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QSO Redshift Histograms
(for Incremental Apparent Magnitude Samples)
Robert S. Fritzius
305 Hillside Drive Starkville, MS
A Shade Tree Physics On Line Publication
Created 30 Aug 1998 - Latest update 17 Jan 2006.
If you assign quasi-stellar objects (QSOs) to incremental apparent
magnitude bins, arranged in a bright-to-dim sequence, then produce redshift
histograms for the bins, you might expect to see a set of broad
low-amplitude skewed bell-shaped curves whose maxima systematically slide
toward higher redshifts for dimmer and dimmer apparent magnitudes. The
set of adjoining histograms, thus produced, would be a kind of redshift
To see if the above idea is borne out by published data (or not), objects
listed in the CD-ROM version of the 1993 Hewitt & Burbidge QSO Catalog(1)
were analyzed using a computer program called Z-Mag-B. The program
assigned QSOs to redshift-apparent magnitude bins. One set of bins was
for North Galactic QSOs and the other set was for South Galactic QSOs.
Z-Mag-B selected 6574 objects from the QSO catalog. This number includes
165 unique low-redshift objects that are mostly called active
galactic nuclei (AGNs). These are characterized by the H I (4861) -
O III (4959, 5007) triplet. (Objects whose whose magnitudes had been
rounded off to the nearest integer, were not used.)
QSOs used in this analysis are as follows:
3096 North galactic QSOs with average redshift z = 1.45 +/- 0.80.
3478 South galactic QSOs with average redshift z = 1.65 +/- 0.78.
The figures for the AGNs, et.al., (which are included, above) are:
84 North - average redshift z = 0.30 +/- 0.16.
81 South - average redshift z = 0.36 +/- 0.17.
Once the redshift-apparent magnitude bins were filled, they were segregated
into magnitude limited samples. Each sample has an apparent magnitude
thickness of 0.2. The magnitude values shown with each histogram
correspond to the brighter edge of the sample.
The overall QSO redshift-magnitude diagrams (not shown in this web page)
turn out to not be statistically "normal" nor are the individual
magnitude-limited redshift histograms produced in this study. Many of the
latter appear to contain a broad (redshift-wise) continuum and often one
fairly well defined peak (sometimes two). No statement is made, at present,
about the statistical significance or insignificance of the differences
between paired North-South samples. In a planned update to this page,
Kolomogorov-Smirnov tests will be applied to them to quantify their
Before getting to the redshift histograms, the following diagram is shown
to depict the redshift averages for the sequential magnitude bins for North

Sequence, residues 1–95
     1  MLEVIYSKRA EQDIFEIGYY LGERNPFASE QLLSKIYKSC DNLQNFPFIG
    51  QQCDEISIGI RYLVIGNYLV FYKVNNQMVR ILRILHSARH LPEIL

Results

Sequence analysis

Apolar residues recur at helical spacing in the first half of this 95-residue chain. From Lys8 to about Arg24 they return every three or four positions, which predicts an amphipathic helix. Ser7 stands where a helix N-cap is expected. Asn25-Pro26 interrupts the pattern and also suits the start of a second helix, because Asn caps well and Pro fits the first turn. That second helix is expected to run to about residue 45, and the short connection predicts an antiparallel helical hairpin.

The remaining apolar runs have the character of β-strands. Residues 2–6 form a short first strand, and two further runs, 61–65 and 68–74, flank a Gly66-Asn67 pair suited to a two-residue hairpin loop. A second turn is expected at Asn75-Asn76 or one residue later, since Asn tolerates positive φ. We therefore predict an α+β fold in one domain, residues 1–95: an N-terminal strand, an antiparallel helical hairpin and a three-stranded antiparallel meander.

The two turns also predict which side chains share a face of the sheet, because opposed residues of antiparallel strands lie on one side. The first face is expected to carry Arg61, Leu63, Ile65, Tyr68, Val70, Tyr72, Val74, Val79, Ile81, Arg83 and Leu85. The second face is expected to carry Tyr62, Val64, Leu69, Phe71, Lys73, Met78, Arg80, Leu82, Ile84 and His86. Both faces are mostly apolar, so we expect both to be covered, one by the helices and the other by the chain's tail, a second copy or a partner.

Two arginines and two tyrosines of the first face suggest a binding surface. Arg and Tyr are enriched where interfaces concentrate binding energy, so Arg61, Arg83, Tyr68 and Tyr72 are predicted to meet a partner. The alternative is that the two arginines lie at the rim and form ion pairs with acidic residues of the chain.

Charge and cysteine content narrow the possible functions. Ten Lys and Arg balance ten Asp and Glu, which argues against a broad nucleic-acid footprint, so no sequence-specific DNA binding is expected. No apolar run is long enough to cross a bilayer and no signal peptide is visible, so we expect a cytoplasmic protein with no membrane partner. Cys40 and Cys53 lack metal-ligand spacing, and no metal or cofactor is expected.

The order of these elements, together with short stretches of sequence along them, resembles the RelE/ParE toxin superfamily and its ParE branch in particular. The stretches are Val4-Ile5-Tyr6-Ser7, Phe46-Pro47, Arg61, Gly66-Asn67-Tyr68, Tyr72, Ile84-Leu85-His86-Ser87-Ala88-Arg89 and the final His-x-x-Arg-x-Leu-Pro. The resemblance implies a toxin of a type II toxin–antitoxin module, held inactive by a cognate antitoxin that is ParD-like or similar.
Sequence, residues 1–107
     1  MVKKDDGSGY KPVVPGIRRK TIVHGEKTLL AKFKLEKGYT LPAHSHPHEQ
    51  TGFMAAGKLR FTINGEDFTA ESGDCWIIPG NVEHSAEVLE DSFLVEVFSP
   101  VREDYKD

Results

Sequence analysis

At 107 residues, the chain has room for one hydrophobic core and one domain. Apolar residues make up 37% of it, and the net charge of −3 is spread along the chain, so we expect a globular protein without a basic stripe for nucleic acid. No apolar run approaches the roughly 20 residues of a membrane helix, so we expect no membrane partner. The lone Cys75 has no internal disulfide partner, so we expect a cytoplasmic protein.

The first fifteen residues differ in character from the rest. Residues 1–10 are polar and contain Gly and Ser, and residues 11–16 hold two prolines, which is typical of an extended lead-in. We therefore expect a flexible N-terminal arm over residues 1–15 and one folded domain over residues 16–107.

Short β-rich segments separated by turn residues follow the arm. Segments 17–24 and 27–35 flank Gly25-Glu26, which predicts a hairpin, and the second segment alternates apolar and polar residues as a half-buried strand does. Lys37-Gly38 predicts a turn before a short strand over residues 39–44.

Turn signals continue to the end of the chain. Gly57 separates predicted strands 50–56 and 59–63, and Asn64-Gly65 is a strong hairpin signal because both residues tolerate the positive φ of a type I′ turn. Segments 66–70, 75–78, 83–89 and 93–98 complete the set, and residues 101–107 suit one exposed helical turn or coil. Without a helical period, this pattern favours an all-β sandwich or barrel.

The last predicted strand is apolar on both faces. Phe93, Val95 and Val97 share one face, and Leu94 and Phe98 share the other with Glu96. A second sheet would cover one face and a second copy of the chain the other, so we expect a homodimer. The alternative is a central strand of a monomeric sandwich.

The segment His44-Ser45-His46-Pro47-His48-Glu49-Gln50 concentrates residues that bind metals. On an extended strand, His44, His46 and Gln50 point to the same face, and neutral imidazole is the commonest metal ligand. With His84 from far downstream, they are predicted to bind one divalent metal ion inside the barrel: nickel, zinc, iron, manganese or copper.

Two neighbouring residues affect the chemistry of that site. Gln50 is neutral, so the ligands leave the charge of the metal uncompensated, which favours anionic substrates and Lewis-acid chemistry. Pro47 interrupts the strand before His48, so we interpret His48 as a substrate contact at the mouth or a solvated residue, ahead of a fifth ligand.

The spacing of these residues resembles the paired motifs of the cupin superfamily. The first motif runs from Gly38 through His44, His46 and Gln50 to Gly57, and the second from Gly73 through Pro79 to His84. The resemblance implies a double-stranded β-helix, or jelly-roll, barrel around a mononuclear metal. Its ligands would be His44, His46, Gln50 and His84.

and South galactic QSOs. It can be seen, that for the brighter samples,
the averages constitute more than a scatter diagram. They
increase in average redshift with decreasing apparent
magnitude. In general, the Southern samples are more redshifted than the
Northern samples. [Arp cautions that search mode bias, for example, radio
vs optical, may be a factor in the net redshift differences between
the galactic hemispheres.(2)] There is a relative redshift inversion
at magnitude v = 20.3, i.e., the Northern galactic QSOs become more
redshifted than the Southern QSOs. Both groups also appear to level off in
redshift with further decreases in magnitude. If these effects are more
than statistical fluctuations or search bias artifacts, they will be
important with regard to our overall understanding of QSOs. [There
is a reported shortage of detected very high redshift QSOs at
faint apparent magnitudes(3).]
QSO Redshift Averages for Apparent Magnitude Bins
Normalized redshift histograms for each apparent magnitude limited sample
were then produced. The normalization process reduces search mode bias
and facilitates comparisons between samples. The plots below are the
normalized redshift histograms for the magnitude limited samples in the
range v = 16.4 to 21.0. Northern galactic QSO histograms are on the
left and those for Southern galactic QSOs are on the right. [Histograms
shown are based on sample sizes (raw data) having at least 20 objects in
Natural smoothing, where added, is based on the following relations.
S(1) = ( 3 * N(1) + N(2) ) / 4
S(i) = ( N(i-1) + 3 * N(i) + N(i+1) ) / 5
Smoothed values for the junctions between adjacent bins are equal to their
arithmetic means. The curves which connect the smoothed points are hand
The y-axis for each histogram is "Normalized Number per delta v = 0.2."
The x-axis for each histogram is Redshift.
Downward pointing arrows, where shown, represent the average redshift for